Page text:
Thursday, April 08, 2010

Fiji: Ending press freedom

Yesterday Fiji's military regime released its draft media decree [PDF]. As expected from a bunch of thuggish soldiers, it is aimed primarily at controlling and silencing the media than ensuring proper standards. Under the decree, "media organisations" - and that includes bloggers or anyone that "create [sic] an internet website capable of being accessed by the public" - will be forbidden to publish anything which is "against the public interest or order" or "against national interest", on pain of 5 years imprisonment and a whopping fine. What's "the national interest"? That's up to the new media authority to decide on a case-by-case basis. And if they get it wrong, tough - as is common with the decrees of the military government, its decisions will not be able to be challenged in court. And so Fiji will get dictatorial, unreviewable censorship, even worse than that permitted by the current emergency regulations.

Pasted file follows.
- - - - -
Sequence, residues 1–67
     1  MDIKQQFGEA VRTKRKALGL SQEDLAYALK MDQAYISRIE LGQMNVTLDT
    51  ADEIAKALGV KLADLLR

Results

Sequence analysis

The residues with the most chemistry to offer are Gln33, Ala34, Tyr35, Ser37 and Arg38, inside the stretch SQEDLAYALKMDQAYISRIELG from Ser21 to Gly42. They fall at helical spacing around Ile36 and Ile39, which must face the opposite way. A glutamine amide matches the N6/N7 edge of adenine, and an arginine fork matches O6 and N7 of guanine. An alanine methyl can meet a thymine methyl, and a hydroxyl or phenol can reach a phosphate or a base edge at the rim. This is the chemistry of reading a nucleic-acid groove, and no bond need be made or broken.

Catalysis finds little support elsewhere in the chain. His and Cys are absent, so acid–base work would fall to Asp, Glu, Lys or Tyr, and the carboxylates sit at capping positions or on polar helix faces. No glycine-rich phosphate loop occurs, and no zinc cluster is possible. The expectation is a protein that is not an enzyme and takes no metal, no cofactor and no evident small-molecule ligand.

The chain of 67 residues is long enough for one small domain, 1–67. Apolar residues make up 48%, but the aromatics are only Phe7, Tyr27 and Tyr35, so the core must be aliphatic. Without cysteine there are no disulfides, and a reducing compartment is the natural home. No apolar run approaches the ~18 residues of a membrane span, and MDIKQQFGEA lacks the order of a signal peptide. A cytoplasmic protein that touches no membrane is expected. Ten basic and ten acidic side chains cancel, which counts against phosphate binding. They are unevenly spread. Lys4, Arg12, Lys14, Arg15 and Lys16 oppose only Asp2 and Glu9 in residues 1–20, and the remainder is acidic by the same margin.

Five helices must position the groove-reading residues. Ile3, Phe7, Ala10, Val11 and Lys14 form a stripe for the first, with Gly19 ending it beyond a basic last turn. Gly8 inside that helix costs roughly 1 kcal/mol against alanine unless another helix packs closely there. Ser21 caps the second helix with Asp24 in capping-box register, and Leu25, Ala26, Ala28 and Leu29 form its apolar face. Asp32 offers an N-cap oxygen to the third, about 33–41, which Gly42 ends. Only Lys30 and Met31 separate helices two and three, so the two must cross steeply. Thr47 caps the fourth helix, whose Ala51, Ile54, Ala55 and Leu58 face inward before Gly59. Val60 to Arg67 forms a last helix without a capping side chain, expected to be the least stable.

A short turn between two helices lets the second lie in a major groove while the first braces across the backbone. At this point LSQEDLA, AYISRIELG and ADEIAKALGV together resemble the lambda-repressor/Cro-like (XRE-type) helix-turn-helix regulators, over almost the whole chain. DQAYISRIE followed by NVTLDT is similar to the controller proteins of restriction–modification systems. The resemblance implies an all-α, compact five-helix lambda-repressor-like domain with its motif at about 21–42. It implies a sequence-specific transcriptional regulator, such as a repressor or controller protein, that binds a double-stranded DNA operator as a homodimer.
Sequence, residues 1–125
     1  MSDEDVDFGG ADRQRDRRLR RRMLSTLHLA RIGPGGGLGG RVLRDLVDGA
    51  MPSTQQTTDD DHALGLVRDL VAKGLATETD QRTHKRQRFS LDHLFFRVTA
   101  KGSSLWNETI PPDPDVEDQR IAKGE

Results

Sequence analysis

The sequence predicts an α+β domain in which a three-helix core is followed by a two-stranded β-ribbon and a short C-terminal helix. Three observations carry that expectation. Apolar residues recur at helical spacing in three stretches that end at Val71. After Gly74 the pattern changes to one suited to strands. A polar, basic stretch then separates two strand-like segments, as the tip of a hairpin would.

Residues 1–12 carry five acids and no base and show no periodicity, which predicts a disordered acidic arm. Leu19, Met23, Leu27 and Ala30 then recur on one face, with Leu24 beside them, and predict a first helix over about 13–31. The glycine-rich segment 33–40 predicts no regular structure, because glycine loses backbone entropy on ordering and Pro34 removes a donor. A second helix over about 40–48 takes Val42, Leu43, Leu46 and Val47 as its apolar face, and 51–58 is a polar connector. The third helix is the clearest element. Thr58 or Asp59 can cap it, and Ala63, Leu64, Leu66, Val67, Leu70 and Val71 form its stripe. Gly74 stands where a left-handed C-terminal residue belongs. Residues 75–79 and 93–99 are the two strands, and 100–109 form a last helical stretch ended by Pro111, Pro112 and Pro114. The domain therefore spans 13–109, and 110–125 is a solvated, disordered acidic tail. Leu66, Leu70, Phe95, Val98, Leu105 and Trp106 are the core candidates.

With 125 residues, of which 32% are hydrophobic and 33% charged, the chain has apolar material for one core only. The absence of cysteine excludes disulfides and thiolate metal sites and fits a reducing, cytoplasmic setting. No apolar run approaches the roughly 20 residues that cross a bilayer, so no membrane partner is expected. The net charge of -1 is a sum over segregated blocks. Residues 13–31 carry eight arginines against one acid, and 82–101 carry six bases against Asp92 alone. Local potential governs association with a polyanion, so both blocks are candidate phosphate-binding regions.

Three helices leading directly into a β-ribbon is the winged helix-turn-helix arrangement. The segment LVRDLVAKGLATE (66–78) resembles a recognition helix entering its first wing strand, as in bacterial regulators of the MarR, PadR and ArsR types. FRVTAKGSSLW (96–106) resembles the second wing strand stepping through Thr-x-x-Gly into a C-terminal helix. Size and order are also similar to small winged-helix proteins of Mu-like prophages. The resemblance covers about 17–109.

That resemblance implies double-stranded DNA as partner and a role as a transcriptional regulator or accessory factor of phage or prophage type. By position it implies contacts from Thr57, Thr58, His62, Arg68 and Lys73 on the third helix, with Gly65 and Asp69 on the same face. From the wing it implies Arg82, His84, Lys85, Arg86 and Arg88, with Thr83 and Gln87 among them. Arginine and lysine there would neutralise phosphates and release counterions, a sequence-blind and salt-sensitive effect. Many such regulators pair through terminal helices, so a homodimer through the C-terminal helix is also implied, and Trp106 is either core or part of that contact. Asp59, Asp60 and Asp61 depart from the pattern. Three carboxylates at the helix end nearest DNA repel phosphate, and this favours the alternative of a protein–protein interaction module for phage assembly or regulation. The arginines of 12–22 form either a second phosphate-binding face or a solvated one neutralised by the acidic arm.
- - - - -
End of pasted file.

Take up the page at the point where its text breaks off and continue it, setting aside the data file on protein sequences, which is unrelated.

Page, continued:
(Media organisations will also be forbidden from portraying exorcism or hypnotism. Yes, seriously. What a bunch of bumpkins)

The result of this is clearly intended to be a silent, complaint press, which parrots the government line unquestioningly. And that is incompatible with democratic values. But then, if the military cared about them, they'd still be in their barracks, rather than running the country.